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Community Faculty

Getting Back Into the Concert Groove? Ways to Protect Your Hearing (and Stay COVID Vigilant)

Cory Portnuff, AuD, PhD, offers tips for returning to live music events

Author Kiley Kudrna | Publish Date July 26, 2021
What You Need To Know

With artists back on tour and music festivals rescheduled, Cory Portnuff, AuD, PhD, answers common questions about concerts and your auditory health.

We’ve all missed out on more than a year of concerts and live shows. As venues start to open and artists go back on tour, Cory Portnuff, AuD, PhD, clinical audiologist and assistant clinical professor of otolaryngology at the University of Colorado School of Medicine, discusses how to protect your hearing at loud events.

Q&A Header

We haven’t been to concerts in well over a year, but artists are starting to schedule shows again. Will the first show I attend seem particularly loud because I’m not used to it?

Our brains are marvels of memory! Most people have a strong auditory memory for what a concert should sound like. It might seem a little loud, but you’ll fall right back into the groove.  

Is it safe to bring children to a loud concert?

Children at loud concerts should wear hearing protection whenever possible. Over-the-ear earmuffs are a great choice.  

Can you sustain lasting hearing damage from a loud concert?

Loud concerts can cause hearing loss, especially if you’re standing near the speakers or if you attend multiple shows. If you’re going to shows where you would have to shout for your neighbor to hear you, it’s probably at a level that could be damaging to your ear.  

What are some of the best ways to protect your ears during a concert?

To protect your ears in a concert, you can:

  • Choose quieter areas. Being farther from speakers or the stage lowers the level and your risk for hearing loss. 

  • Take breaks. When possible, step outside or to quieter areas to give your ears a rest.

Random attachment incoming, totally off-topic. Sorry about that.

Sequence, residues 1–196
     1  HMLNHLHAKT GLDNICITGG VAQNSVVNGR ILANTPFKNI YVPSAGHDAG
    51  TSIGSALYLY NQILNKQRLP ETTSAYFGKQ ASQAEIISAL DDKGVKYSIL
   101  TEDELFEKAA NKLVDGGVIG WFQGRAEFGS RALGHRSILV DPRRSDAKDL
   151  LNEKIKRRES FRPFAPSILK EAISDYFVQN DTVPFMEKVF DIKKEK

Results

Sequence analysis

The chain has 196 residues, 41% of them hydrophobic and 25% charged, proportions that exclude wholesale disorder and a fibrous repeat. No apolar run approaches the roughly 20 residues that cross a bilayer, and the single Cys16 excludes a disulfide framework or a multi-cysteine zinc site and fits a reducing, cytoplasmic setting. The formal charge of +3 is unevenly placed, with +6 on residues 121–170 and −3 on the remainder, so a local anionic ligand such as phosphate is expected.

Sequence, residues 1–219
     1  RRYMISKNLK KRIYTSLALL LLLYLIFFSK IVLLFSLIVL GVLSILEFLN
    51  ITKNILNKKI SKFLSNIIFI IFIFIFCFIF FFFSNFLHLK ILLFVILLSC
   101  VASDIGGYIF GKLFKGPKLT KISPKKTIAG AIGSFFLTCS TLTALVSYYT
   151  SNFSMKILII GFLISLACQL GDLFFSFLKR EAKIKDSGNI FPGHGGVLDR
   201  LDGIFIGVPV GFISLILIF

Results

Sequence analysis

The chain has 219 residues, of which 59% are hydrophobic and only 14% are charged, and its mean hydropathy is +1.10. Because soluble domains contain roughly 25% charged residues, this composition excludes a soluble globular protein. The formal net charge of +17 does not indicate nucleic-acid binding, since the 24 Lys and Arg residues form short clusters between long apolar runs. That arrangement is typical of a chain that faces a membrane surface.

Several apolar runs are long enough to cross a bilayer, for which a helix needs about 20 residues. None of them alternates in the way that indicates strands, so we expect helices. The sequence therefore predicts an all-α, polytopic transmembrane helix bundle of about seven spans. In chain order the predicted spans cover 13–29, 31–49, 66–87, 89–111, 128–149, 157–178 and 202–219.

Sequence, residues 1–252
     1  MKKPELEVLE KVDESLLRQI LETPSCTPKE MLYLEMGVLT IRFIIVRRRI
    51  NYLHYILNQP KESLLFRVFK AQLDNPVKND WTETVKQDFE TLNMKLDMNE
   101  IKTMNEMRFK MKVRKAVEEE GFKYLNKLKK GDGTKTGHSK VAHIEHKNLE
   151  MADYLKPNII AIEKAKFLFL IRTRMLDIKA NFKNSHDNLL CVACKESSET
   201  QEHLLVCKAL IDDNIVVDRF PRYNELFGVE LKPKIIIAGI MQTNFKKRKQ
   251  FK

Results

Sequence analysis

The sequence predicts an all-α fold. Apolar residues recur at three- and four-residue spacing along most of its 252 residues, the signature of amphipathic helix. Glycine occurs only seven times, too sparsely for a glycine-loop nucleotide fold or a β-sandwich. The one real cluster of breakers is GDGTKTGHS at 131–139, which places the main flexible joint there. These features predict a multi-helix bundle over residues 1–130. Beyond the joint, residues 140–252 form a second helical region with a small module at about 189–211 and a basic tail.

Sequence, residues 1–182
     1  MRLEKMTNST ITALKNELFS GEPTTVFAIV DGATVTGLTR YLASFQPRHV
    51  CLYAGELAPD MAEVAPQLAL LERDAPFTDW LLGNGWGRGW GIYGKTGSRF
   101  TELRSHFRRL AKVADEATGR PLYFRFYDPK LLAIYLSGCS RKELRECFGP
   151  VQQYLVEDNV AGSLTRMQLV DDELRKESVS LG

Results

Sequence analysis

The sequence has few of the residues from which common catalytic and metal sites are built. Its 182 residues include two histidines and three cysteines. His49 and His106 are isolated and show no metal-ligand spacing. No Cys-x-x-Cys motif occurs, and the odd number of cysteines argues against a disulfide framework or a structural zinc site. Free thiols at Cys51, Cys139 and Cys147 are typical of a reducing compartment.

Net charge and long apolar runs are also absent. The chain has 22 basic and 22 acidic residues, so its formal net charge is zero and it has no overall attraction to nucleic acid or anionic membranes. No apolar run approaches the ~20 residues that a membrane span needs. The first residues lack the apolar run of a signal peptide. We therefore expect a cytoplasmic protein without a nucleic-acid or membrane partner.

• Use hearing protection. We strongly recommend the use of hearing protection in loud environments. There are a wide variety of earplugs designed for listening to music, ranging from ready-fit earplugs (~$15 per pair) to custom musician’s earplugs (~$175 per pair) to fancy electronic hearing protection (~$800). The UCHealth Hearing and Balance Clinic can help make custom earplugs.

Are there advantages to outdoor concerts vs. indoor concerts in terms of sustaining possible hearing damage?

Both indoor and outdoor concerts can be risky – it all depends on the volume. Outdoor concerts do often have the advantage of having more space, so you can move farther from the stage to reduce your sound exposure. 

Do you have any other tips for someone’s first concert in a while?

Music and concerts are an integral part of life for many people. As you get back into the groove of listening to music, don’t forget your earplugs! You might also consider bringing a facemask – concert venues can have large crowds packed together. The use of facemasks can help prevent COVID transmission, even among vaccinated people. And, of course, if you haven’t had a chance to get your vaccine yet, getting that shot helps to protect you and your loved ones. UCHealth offers free walk-in COVID vaccines clinics, so encourage your friends!

Have you been to your own first concert in a while? Who was it and where?

My first concert after the long wait for live music was a small music festival in Colorado Springs over Memorial Day weekend called “Meadowgrass.” It’s an Americana, folk, blues festival that happens every year. It was great to be back to hearing live music!

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Cory Portnuff, AuD, PhD